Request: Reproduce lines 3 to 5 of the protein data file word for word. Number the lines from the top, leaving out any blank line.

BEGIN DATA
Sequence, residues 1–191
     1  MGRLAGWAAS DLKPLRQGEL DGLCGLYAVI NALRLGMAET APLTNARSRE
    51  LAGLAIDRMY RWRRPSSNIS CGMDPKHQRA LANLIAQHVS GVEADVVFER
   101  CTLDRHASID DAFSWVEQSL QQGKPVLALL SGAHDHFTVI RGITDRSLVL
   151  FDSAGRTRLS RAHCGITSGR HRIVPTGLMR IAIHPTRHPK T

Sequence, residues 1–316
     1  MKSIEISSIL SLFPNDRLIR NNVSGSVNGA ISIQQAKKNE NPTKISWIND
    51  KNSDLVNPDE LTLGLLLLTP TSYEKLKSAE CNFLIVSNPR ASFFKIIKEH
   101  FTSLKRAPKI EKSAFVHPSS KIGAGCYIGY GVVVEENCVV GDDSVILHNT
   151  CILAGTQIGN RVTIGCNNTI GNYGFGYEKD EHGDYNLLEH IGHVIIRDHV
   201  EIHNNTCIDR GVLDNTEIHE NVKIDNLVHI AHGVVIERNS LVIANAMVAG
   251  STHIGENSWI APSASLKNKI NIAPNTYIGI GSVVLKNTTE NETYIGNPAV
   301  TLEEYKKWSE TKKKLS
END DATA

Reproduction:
    51  LAGLAIDRMY RWRRPSSNIS CGMDPKHQRA LANLIAQHVS GVEADVVFER
   101  CTLDRHASID DAFSWVEQSL QQGKPVLALL SGAHDHFTVI RGITDRSLVL
   151  FDSAGRTRLS RAHCGITSGR HRIVPTGLMR IAIHPTRHPK T